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The Importance Of Community: Research Suggests Women Who Have A Strong Friend Circle Are More Likely To Land Executive Positions And Earn Higher Pay

Delmaine Donson/peopleimages.com - stock.adobe.com - illustrative purposes only, not the actual people

When it comes to career advancement, who you know matters just as much as what you know. The right connections can help you obtain opportunities and reach your goals more smoothly and quickly.

That’s why the act of social networking is constantly stressed among young professionals. Networking is crucial to success. However, there is a difference between the networking approaches of men and women.

According to a study from the Harvard Business Review, men who get better job opportunities are central in their network, or in other words, they are connected to numerous people across multiple different groups with lots of contacts.

Women also benefited from being central in their network, but that is usually not enough to launch them into the same high-level positions as men, even with similar qualifications.

A literary club called “Women Who Get It” (@womenwhogetit) shared a clip on TikTok about how women with a tight-knit community of female friends are more likely to land positions of executive leadership with higher pay.

Written on the text overlay of the video are the words, “Never underestimate the power of a group text with your girlfriends or being part of a larger community. Having a place to commiserate and support other women can enrich your life on all fronts.”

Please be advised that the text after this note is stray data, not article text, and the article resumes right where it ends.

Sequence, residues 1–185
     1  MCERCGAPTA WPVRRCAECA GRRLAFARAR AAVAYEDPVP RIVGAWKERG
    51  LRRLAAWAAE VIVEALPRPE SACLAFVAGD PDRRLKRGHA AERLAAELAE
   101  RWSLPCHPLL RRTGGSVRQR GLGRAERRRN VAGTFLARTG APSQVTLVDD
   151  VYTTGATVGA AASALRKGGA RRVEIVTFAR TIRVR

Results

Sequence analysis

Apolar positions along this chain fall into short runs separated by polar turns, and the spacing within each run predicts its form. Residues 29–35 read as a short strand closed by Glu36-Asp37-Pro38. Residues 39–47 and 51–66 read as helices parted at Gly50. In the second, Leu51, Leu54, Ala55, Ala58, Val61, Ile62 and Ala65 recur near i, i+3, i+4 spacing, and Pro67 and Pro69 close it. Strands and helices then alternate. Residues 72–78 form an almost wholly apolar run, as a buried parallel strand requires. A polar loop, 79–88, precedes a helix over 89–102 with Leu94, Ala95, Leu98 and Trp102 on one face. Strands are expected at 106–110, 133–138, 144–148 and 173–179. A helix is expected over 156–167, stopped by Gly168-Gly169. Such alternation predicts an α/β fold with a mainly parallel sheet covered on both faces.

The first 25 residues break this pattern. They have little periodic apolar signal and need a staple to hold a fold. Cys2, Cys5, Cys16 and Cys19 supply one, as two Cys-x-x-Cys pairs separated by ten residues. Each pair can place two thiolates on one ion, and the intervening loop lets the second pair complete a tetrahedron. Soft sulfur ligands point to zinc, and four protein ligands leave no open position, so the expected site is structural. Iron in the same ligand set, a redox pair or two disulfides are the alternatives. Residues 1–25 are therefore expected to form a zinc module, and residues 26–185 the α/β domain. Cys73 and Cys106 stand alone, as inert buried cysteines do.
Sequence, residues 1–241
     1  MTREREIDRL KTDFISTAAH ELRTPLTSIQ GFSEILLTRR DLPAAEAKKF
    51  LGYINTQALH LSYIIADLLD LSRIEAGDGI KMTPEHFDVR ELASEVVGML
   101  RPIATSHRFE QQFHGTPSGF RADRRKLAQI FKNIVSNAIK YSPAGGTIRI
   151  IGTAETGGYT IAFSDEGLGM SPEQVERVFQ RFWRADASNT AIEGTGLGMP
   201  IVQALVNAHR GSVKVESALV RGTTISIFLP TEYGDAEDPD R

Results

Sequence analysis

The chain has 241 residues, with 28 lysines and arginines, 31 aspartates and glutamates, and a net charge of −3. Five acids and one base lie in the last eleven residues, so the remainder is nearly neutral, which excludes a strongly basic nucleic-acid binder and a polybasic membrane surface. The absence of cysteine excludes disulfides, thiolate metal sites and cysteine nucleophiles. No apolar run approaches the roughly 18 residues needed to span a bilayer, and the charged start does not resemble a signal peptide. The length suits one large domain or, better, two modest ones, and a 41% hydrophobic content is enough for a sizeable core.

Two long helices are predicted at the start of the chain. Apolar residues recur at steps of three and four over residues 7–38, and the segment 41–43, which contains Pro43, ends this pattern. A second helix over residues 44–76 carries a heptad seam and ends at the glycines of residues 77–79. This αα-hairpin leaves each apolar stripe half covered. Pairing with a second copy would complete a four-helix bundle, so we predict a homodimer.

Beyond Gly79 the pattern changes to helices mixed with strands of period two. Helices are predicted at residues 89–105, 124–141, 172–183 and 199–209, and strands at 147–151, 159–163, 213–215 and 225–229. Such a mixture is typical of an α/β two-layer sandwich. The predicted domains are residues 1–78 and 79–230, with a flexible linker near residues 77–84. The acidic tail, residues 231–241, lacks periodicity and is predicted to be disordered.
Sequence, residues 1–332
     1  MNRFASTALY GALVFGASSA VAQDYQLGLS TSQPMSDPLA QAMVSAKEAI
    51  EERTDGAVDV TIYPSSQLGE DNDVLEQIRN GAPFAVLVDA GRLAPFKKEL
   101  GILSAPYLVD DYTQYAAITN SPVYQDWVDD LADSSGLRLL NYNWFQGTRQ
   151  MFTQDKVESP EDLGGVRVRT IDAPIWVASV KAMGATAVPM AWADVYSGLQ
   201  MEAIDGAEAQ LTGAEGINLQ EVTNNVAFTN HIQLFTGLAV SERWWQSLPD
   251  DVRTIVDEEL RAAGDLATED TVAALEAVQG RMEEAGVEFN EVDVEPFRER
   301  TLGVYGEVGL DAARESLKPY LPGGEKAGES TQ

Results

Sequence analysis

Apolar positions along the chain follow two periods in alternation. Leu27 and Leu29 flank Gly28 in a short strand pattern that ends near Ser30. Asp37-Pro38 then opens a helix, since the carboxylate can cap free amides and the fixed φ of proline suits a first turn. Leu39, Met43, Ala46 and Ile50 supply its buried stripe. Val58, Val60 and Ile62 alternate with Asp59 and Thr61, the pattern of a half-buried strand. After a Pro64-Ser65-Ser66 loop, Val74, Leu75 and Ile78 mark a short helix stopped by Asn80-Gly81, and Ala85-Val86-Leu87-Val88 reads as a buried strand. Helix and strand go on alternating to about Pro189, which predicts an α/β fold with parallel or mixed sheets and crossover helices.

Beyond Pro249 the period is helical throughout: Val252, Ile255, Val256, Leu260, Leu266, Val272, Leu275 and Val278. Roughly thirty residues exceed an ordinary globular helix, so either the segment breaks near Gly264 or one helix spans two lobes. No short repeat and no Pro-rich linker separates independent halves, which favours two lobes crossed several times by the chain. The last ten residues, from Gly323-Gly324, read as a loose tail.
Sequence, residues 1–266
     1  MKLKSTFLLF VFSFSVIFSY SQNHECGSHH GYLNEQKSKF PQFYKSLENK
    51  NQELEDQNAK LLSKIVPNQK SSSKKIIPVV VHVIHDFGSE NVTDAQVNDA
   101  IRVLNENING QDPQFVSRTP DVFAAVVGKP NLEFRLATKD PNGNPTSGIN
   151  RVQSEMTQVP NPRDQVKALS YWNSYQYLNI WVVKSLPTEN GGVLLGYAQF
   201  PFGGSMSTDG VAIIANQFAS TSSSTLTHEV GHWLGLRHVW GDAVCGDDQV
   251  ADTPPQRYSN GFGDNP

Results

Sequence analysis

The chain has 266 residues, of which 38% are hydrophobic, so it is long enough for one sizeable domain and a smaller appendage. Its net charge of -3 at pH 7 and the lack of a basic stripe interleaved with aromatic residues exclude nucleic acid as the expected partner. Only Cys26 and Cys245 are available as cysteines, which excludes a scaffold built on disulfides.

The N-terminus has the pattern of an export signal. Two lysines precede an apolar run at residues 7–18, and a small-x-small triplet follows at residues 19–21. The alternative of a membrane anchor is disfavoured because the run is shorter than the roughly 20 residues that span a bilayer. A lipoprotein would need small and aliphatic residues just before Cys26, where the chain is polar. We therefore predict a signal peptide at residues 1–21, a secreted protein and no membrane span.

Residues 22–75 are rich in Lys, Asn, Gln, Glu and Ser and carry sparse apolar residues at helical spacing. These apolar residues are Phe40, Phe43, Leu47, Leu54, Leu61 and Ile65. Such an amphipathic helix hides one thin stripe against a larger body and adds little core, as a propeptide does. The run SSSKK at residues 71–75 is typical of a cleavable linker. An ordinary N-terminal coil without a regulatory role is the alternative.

This idea is also supported by the published study from Harvard Business Review. Researchers found that a key ingredient to a woman’s success in the workplace is a solid inner circle of close female contacts.

What works for men does not necessarily work for women. It is not essential for men to have a close group of male friends in order to land a leadership position.

“While men had inner circles in their networks too—contacts that they communicated with most—we found that the gender composition of males’ inner circles was not related to job placement,” stated the Harvard Business Review.

Delmaine Donson/peopleimages.com – stock.adobe.com – illustrative purposes only, not the actual people

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